while that's conceivably the ideal combination, in practice there seems a fundamental flaw in the thinking. or at least there is over here. though the forward-facing windproofing is superb and the water resistance far better than i'd hoped, galeforce winds harbour their own iniquities. these are made more obvious when they form the basis of a tailwind, where the lack of windproofing on the rear, on occasion, had a tendency to cool me down a bit more than i'd have liked. coupled with heavy rain, it means it is eminently possible that you end up with a wet back.
however, in mitigation, softshell material is not the miracle fabric that might emulate the uss enterprise's shields. to be honest, ashmei's combination of fabrics is pretty well judged; on a ride still featuring galeforce winds but considerably less precipitation it really was very, very good. breathability is aided by two zipped side vents which proved surprisingly effective when things became a tad too warm, though i'd have preferred tags on the zips to make zipping and un-zipping easier when wearing winter gloves. the full length front zip features zip garages top and bottom, while its path veers towards the right as it makes its way from bottom to top. though i'd have liked a tag on this zip too, in practice it was easy to make use of while riding, gloved or not.
unfortunately, reflecting one of my pet hates, there is no hang loop inside the collar. am i the only one who hangs up his jackets on a coat peg?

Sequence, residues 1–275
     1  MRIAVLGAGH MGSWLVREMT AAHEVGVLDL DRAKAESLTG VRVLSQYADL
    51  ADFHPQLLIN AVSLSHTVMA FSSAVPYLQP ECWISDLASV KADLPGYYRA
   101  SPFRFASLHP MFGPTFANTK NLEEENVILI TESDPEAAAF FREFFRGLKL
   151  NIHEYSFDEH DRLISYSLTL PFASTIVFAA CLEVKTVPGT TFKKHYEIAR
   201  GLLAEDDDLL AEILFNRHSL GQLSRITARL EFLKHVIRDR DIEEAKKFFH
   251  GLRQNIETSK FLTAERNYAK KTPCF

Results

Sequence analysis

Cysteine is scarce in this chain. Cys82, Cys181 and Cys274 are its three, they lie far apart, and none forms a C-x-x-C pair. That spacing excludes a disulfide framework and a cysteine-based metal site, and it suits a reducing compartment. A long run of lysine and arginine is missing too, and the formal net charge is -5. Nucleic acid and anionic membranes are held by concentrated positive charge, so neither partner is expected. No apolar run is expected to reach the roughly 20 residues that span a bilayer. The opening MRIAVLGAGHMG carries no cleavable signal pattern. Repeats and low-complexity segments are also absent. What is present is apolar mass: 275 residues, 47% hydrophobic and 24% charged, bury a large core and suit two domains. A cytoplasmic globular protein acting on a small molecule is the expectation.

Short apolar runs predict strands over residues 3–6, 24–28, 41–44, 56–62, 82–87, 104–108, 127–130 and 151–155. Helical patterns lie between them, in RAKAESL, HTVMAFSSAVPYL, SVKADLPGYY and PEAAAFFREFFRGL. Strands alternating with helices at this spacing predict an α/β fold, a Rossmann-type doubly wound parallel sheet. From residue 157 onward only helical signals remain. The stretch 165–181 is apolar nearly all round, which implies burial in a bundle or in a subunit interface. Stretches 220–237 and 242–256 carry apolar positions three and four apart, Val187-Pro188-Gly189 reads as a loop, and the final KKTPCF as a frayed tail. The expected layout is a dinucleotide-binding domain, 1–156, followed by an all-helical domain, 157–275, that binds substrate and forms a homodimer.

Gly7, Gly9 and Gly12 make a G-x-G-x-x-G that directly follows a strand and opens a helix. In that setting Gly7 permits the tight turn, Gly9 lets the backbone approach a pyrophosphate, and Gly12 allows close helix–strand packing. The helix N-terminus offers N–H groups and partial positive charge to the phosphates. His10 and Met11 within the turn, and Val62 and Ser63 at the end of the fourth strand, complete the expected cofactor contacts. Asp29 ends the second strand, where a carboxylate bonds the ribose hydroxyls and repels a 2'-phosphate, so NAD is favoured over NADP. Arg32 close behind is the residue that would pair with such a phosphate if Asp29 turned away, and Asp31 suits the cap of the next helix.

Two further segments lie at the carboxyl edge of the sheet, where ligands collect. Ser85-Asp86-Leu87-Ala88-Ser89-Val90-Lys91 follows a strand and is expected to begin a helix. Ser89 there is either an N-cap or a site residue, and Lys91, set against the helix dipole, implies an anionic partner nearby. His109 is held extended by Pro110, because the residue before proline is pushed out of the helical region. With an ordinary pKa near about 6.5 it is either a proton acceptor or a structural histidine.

i do have issues with the pockets. over the years of our rich cycling heritage, three rear pockets has become pretty much the norm, but the ashmei softshell features six. these consist of diminishing sizes: a big one, a medium one, a narrow one and an even narrower one that could only harbour a mini-pump. those are joined by an inner zipped pocket and a rather pointless pen pocket on an inner flap inside the front zip. in serious weather, i like to take with me a spare pair of gloves, a stowaway waterproof jacket (just in case), something to eat, occasionally a mini-pump and quite frequently, my compact digital camera.
and on sunday, i had the mighty dave t's belated birthday card to carry also.
no matter the philosophy that reigns at ashmei towers, i'd still prefer my usual three (plus the zipped one) allowing me the luxury of deciding for myself how to arrange the cargo. however, i still think it a better arrangement than those whale-sized single zipped efforts that blemish many other jackets of this ilk. on the plus side, the pockets, bisected by a full-length reflective white strip, are commendably deep. you can actually stuff in quite a lot if you try.
at this time of year, other than the occasional sortie on the cyclocross bike, the principal mode of transport is the cielo, a bicycle that offers the luxury of full wood fenders. therefore, i found no need for the short drop flap concealed above the rear hem by three magnets. those of you with more sporting pretensions aboard your guardless carbon fibre may benefit from its modest protection, keeping those expensive ashmei bibshorts in the luxury to which they have become accustomed.
all in all, this is a rather fine softshell jacket. i'd have been very surprised if it had excelled at every imaginable demand that could have been thrown at it, but in a world of endless compromises, you have to choose your battles. my superficial criticisms aside, this is actually stunningly good.
the ashmei softshell jacket is available in sizes small through xl, in either black or red. cost direct from ashmei and currently with free shipping, is £210